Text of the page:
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I was in Target yesterday and looked for (and found) the Sony 505 display. It actually made me sort of sad. While it was a decent sized display, on an endcap, the Sony was bolted to a holder and couldn't be moved. It was an actual device but it couldn't be turned on so I couldn't see what it looked like changing pages, nor could I play with any of its features. There were hardly any salespeople around and the few that were there were busy selling Wii systems and Nintendo DSs. I really doubt that they could have effectively answered any of my questions about the Sony, even if I got their attention.

I think there are two hurdles that must be overcome with selling an ereader: 1) persuading someone that they would like reading a book on an electronic device; and 2) figuring out which electronic device they want. Number one is the bigger barrier since many people are deadset against ereaders (as we know). Unfortunately, the display at Target would do very little to addressing issue no. 1 and thus, people might never get to issue no. 2.

People have suggested, in various discussion groups, that Amazon should try to sell the Kindle in brick & mortar stores. I have never thought that was a good idea but after seeing the pathetic display yesterday, I am even more convinced that that would be the wrong approach. I think their strategy of providing info at their website, encouraging informal user demos, and forums like this where people can ask questions and get them answered are much more effective.

Thoughts?

L

PS, Writing this has given me an idea for a poll, which I will put together and post in another thread.
 

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I've been to 3 targets and all 3 's Sony e-readers didn't work plus none of the sales people could be bother answering any questions.
 

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I saw one at sams.  It was working and I could play around with the books installed. I got really excited again for my kindle to arrive after playing with it.  the wireless d/l and amazon books sold me on the kindle over the sony.  It was also bolted so I couldn't hold it to get the feel of it.  I understand needing the security of the bolting, but I've seen kids toys (leapfrog) stuff attached so you could hold it to see the feel.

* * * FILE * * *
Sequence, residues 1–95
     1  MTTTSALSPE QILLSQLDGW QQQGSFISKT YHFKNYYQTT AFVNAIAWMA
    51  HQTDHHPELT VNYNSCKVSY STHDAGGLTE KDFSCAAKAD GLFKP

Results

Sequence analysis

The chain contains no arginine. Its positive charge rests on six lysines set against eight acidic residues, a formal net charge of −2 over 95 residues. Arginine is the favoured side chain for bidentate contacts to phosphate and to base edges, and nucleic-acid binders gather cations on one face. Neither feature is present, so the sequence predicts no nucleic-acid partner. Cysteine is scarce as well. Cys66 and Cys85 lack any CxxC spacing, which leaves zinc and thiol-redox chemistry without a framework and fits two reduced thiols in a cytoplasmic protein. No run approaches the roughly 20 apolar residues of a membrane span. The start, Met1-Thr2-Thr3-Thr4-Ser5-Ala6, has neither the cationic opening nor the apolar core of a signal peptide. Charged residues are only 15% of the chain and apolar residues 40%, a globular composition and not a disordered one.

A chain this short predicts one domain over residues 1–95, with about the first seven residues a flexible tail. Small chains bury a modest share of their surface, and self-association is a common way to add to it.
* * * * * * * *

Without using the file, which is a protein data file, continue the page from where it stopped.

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You bring up some good points and if someone in marketing Kindles were to read it, it would make them aware of the many pit falls they need to avoid.

If a Kindle was ever put on display to the public, it would have to be done in a way that would allow prospective customers to handle it.  Kindles are meant to be held and manipulated.  Put the product in their hands.

Once they have it in their hands, the device needs to be functional.  The product display should show the prospective customer how to do the basic things  Kindle can do.  The prospect should get a good understanding of what a Kindle is, what it can do, and why it's better than it's competitors.

There should be at least one person on duty on each shift that knows what a Kindle is and how to demonstrate it properly.  Their primary duty is to take care of the Kindle display.  Keep the Kindle clean and functioning.

Spending $359.00 on an unseen, unknown device is a very big leap of faith for people.  Some people have a hard time doing that.  I think more Kindles would be sold if people could actually see one first.
 

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I've seen the Sony 505 in my Target, and the display does work, so I played around with it. I like the Kindle better.

I've also seen a 505 display in a Borders at the airport, and that also worked.

But then I saw the 700 in a Borders, and that briefly made me want to trade in my Kindle. I mean come on, it has a touch screen!

I think Amazon would benefit from selling in physical stores. Especially in airports, with all those bored people. Of course they won't, since that's the point of Amazon, and it seems like they are doing just fine anyway.
 

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My husband bought his at Borders.  They had one on display, all locked up.  When we asked about it a very knowledgeable and helpful person unlocked it and started it up for us to play with.  One went home with us.